In its feedback to the Commodity Futures Trading Commission (CFTC) and Securities and Exchange Commission (SEC) joint proposals regarding reporting to swaps data repositories, derivatives specialist vendor Markit suggests the industry needs a data aggregator in order to gather together the data spread across the various repositories in the market. This indicates that Markit may be considering extending its reach even further in the derivatives data space, following its tie up earlier this year with Omgeo by providing such a data aggregation service to the regulatory community.
In the data vendor’s response to the regulators, it raises concerns regarding a proliferation of these new repositories and the resulting fragmentation of data. “Markit believes that a data aggregator will be necessary in order to provide useful real-time reporting as well as an overall appropriate view of the marketplace for regulators,” it contends as a solution to this fragmentation problem. The response also promotes the SEC’s proposal for dissemination of swap transaction and pricing data to the public in real time, above the CFTC’s own proposals, and notes that it might be “preferable to designate an entity capable of putting information together from multiple swaps data repositories”.
These references to an external data aggregator are likely to represent the vendor’s intentions for a future bid to service this requirement, given its involvement in the derivatives data sector thus far. The vendor already partners with the Depository Trust & Clearing Corporation (DTCC) to provide the MarkitServ platform for electronic trade confirmation of OTC derivatives; provides data aggregation services under its research product banner (such as Markit MSA); provides a centralised repository of transactional loan data; and online document storage capabilities with the Markit Document Exchange (MDE) platform, among other things.
Markit also notes that swaps data repositories could themselves offer value added, transaction related services to the market, such as matching, confirmation and portfolio valuation. However, these would be separate from the “core” regulatory functions of the repositories and Markit noted that using this data for commercial purposes would require a licence of some sort. One can therefore expect to see much more from the vendor in the swaps data space in the future, as it ramps up its regulatory and data focused activities overall.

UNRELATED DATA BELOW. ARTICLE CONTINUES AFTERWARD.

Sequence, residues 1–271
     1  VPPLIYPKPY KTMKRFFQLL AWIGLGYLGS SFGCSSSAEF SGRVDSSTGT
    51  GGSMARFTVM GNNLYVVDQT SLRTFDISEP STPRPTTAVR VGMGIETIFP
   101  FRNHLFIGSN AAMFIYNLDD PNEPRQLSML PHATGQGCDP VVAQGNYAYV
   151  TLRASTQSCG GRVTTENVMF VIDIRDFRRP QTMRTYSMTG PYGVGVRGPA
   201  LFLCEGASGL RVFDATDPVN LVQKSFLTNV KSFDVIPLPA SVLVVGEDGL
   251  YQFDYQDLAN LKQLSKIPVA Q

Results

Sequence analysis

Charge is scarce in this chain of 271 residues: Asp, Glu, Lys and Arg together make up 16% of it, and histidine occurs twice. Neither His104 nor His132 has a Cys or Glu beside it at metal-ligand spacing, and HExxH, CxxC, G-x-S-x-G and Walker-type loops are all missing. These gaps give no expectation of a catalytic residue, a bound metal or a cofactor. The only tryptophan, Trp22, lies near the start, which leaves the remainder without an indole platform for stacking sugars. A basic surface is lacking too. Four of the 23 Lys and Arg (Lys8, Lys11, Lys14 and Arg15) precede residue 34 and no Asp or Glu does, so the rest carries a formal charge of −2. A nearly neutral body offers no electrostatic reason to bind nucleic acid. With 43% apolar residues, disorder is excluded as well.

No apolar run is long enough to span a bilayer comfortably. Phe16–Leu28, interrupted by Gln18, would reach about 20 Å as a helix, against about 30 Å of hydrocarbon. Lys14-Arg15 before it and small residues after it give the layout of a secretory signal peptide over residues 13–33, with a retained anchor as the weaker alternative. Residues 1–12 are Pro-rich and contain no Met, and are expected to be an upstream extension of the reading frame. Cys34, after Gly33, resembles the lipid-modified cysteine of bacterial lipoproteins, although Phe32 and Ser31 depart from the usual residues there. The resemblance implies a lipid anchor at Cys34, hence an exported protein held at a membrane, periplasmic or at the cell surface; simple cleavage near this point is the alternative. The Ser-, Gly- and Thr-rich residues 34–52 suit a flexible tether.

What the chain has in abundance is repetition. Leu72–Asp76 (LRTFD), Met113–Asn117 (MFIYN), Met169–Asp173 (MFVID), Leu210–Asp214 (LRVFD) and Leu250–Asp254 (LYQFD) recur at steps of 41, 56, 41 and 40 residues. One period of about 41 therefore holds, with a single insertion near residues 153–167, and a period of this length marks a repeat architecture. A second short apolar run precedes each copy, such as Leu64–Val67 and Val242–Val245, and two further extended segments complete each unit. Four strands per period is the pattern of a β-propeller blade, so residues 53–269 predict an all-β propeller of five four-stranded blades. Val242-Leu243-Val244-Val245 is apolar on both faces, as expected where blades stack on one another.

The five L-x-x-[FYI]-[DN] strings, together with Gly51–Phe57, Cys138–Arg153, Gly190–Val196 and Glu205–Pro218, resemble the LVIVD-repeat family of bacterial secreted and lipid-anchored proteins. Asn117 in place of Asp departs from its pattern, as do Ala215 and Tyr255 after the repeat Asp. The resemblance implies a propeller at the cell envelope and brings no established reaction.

To this end, earlier this month, Markit partnered with post-trade solution provider Omgeo to connect Omgeo’s standing settlement and account instructions (SSI) database Alert to MDE, the latter’s online document storage platform. Markit has previously indicated that MDE is aiming to eventually become a one stop shop for all the data needed from the buy side by providing reference data extraction and validation services. By linking the documents on MDE to the accounts on Omgeo Alert, the vendors claim that the sell side can identify the counterparty, access its associated documents and efficiently open an account. And this is just one data related development on the cards for this year.
Turning briefly back to its response to the CFTC and SEC, Markit also notes that both regulators need to get on the same page because at the moment, there are several discrepancies between their individual proposals for this space. For example, the vendor points out the potential for an arbitrage opportunity for market participants when one leg of a transaction falls under the SEC’s jurisdiction and another under the CFTC’s jurisdiction such as when dealing with single name credit default swaps (CDS).
On the subject of pricing, Markit’s response also indicates that there may be special factors that have an effect on the price of a swap that may mislead market participants. It also mentions that the vendor has looked at a counterparty value adjustment and that everyone in the market has different approaches, which may make compliance with some of the data fields difficult.